I can only add to Mr. Auster’s perfectly explained “U.S.-in-Iraq predicament” that there was simply no “vision” beyond getting rid of Saddam and his army. By our not finding WMD (beyond a few shells), and by Bush’s earlier State of The Union “gaffe” about Saddam supposedly having the centrifuges from South Africa, we were left with a void once the truth was known. Gen. Tommy Franks was brilliant in his “blitkrieg” to Baghdad. Ever since, it has been all downhill. There is also “the winner issue” to contend with. Americans want “a winner”. We won the initial part of the conflict but are losing the remaining portion because of the reasons mentioned above in Mr. Auster’s post. Rather than leveling Fallujah and Karbala, we are playing “footsies” with the enemy and it is affecting soldiers’ morale. It is also not playing well here, at home. We are losing a conflict we should have, for all intents and purposes, won. We had the superior forces and technology and training. The one thing we (the Administration) lacked was the cojones to get the job done, and “damn the civilians”. I feel badly for those soldiers we let down by not doing what we had to (leveling Fallujah, etc.).

A point that hasn’t been discussed here recently is what our pulling out in July is going to do to our Army and Marines. Will morale continueto be a problem? Will this conflict attract even better men and women to our Armed Forces? Or will the poor pay, poor planning and lack of heavy air bombardment (bynot leveling Fallujah and other such places full of the enemy) keep the truly great ones from joining up?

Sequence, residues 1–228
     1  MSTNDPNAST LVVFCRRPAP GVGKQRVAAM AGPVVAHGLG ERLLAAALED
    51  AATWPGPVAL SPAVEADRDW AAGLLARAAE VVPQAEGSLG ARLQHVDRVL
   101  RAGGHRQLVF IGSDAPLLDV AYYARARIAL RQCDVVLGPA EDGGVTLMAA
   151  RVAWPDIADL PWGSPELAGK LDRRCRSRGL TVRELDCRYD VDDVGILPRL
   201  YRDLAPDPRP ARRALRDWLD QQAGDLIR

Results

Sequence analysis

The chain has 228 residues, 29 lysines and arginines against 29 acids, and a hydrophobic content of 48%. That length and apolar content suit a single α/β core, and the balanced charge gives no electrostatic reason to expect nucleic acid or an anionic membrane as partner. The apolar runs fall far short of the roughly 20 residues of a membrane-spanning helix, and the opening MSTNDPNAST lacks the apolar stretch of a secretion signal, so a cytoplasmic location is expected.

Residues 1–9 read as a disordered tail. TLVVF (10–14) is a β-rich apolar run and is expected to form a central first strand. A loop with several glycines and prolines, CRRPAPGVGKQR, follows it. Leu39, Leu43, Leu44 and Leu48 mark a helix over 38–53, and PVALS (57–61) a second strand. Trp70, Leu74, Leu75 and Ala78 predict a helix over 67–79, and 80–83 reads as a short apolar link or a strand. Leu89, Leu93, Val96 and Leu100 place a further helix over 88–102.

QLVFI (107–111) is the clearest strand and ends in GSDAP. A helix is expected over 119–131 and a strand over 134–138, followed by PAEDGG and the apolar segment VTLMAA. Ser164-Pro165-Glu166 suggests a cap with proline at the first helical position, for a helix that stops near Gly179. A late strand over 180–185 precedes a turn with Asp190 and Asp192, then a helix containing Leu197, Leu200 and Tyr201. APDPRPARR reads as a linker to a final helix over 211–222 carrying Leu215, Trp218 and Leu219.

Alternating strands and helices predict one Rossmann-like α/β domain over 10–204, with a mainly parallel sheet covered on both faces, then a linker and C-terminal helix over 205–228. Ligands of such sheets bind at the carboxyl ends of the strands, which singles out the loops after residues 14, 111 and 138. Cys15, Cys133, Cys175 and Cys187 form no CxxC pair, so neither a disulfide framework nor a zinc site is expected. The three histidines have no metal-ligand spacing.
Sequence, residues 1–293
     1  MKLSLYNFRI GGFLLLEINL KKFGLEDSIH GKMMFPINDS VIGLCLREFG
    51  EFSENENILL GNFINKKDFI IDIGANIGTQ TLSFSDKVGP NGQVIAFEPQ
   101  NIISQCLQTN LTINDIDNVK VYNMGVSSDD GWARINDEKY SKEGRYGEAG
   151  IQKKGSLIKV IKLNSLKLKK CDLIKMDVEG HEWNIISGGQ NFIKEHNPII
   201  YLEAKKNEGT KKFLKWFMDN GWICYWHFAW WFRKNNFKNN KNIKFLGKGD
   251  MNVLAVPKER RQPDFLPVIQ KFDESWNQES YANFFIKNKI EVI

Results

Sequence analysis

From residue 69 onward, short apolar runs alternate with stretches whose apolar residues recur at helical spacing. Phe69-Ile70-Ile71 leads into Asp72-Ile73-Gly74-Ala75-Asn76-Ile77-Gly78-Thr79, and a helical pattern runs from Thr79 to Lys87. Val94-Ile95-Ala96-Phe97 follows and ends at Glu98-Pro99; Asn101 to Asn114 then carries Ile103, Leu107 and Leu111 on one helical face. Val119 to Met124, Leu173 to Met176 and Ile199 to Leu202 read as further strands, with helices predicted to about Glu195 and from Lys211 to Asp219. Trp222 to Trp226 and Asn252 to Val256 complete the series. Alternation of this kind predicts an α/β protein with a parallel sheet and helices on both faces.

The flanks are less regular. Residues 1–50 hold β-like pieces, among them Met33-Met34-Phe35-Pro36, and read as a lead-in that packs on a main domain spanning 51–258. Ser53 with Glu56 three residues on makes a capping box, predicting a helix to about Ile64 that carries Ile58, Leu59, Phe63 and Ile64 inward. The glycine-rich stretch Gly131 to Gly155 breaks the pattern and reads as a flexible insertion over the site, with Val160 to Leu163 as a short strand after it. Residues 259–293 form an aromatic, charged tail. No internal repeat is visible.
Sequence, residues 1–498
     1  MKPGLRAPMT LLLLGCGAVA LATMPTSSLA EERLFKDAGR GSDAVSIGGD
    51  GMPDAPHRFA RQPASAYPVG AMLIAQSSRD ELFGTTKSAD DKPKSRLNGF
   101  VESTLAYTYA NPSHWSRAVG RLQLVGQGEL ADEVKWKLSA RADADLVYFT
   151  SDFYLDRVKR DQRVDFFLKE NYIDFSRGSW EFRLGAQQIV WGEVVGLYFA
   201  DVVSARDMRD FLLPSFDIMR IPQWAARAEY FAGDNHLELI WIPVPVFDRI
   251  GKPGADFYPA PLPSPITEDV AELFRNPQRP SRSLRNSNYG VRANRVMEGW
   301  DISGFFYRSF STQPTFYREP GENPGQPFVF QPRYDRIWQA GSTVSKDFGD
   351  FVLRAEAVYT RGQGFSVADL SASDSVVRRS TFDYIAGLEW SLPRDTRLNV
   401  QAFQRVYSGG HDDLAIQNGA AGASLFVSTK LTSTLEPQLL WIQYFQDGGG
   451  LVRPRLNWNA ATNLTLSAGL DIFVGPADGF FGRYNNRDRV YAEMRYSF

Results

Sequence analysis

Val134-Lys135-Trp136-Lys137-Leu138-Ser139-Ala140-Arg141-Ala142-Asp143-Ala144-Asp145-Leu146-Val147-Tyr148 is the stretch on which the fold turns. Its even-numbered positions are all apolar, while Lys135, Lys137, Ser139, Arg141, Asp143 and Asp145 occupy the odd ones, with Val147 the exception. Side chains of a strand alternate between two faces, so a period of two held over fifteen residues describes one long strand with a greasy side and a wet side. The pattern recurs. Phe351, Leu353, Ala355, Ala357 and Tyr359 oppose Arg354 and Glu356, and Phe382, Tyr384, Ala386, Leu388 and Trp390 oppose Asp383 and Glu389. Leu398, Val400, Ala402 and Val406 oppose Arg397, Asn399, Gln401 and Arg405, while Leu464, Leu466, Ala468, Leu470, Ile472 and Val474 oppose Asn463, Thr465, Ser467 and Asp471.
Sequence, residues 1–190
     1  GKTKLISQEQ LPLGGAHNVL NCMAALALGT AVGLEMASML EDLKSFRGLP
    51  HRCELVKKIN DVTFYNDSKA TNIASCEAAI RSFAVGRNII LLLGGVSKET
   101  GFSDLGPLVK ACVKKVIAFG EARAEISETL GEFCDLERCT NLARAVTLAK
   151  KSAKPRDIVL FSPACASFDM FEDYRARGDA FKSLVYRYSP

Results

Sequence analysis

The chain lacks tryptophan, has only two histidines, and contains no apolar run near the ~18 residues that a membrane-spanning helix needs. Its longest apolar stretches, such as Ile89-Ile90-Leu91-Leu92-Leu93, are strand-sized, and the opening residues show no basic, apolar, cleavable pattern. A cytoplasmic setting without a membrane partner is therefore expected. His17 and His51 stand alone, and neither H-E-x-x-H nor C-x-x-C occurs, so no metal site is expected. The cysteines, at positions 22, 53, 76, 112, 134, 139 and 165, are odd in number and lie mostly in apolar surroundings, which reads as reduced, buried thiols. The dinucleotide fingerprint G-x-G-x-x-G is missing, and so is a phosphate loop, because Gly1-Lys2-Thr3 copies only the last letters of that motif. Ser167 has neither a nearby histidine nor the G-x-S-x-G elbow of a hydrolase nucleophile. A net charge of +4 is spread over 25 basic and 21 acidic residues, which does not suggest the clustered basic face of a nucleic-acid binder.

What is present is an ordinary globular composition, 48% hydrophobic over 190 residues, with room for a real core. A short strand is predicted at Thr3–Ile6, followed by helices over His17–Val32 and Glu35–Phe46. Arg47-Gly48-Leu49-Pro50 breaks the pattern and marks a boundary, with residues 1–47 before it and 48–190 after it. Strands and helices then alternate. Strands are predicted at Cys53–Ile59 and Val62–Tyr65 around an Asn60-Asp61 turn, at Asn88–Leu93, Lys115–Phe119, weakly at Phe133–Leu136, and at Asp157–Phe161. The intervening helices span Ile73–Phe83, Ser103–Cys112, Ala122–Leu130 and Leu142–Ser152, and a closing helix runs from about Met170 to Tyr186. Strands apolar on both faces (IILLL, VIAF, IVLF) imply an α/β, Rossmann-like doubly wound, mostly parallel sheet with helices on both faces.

Posted by: David Levin on May 18, 2004 11:30 PM

Trying to find a hopeful scenario based on what the more optimistic war supporters are saying, it would go something like this:

We manage to install some kind of transitional government, even as our forces continue to fight and suppress the insurgents. The insurgency gradually dies down, the bombings and other attacks stop, even as the transitional government is succeeded by a real government. As this government takes on more and more real powers, including security, the people of Iraq have a greater sense of confidence and loyalty in it. By mid 2006, the insurgents and Jihadis have faded from the scene, there are no more terrorist attacks, and America is able to withdraw from Iraq, possibly leaving a major base in Kurdistan or elsewhere in the Gulf region to prevent the Arab regimes hosting terrorists.